The researchers tested the chip by measuring a cancer patient's response to a type of cell-based immunotherapy designed to target and kill tumor cells. The only way to know if the therapy is doing its job is to measure many proteins at the same time from the individual cells that were targeting the tumor. The SCBC aced this test, generating readouts of a dozen secreted biomarkers—each of which represented a distinct cell function—and taking those readings from about a thousand single cells simultaneously.

The team was able to conduct a proof-of-concept study by looking at samples from a melanoma patient participating in the immunotherapy trials and comparing those results to similar samples from three healthy subjects. According to the investigators, the technology is minimally invasive, cost-effective, and highly informative. The goal is to help physicians closely track the effectiveness of a therapy and to rapidly alter or switch that therapy for the maximum benefit of the patient.

The next step for the team will be to systematically apply the technology to clinical studies. The researchers have already begun to test the technology in additional patient populations and to combine the SCBC with existing assays in order to get a more comprehensive picture of a therapy's efficacy. In fact, the same study that showed the microchip's efficacy is already helping the researchers better evaluate the specific cancer immunotherapy trial from which the patient in the study was drawn.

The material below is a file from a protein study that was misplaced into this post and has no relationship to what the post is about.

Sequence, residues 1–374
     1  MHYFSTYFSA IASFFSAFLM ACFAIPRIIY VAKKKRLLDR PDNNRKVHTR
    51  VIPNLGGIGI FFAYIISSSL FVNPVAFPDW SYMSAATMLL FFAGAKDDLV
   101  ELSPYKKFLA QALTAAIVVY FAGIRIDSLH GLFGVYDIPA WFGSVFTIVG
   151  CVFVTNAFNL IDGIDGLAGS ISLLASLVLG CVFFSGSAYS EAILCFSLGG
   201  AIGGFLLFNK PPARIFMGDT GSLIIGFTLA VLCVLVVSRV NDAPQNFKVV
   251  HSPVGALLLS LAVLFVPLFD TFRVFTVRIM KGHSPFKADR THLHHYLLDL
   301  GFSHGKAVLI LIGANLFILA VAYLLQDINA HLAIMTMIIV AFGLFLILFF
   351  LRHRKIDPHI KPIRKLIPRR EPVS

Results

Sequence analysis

"We are doing these same types of measurements on similar patients but at a significantly higher level of detail, and at many time points over the course of the cancer immunotherapy procedure," explained Dr. Heath. "It is helping us put together a 'movie' of the patient's immune system during the therapy, and it is providing us with some very surprising but also valuable insights into how the therapy works and how we might work with our UCLA colleagues to improve it."

"Application of this technology provides an unprecedented understanding of the human immune system by allowing an efficient and multiplexed functional readout of immune responses using limiting numbers of lymphocytes," says Antoni Ribas, a colleague of Heath's who led the clinical trial portion of the study at UCLA's Jonsson Comprehensive Cancer Center.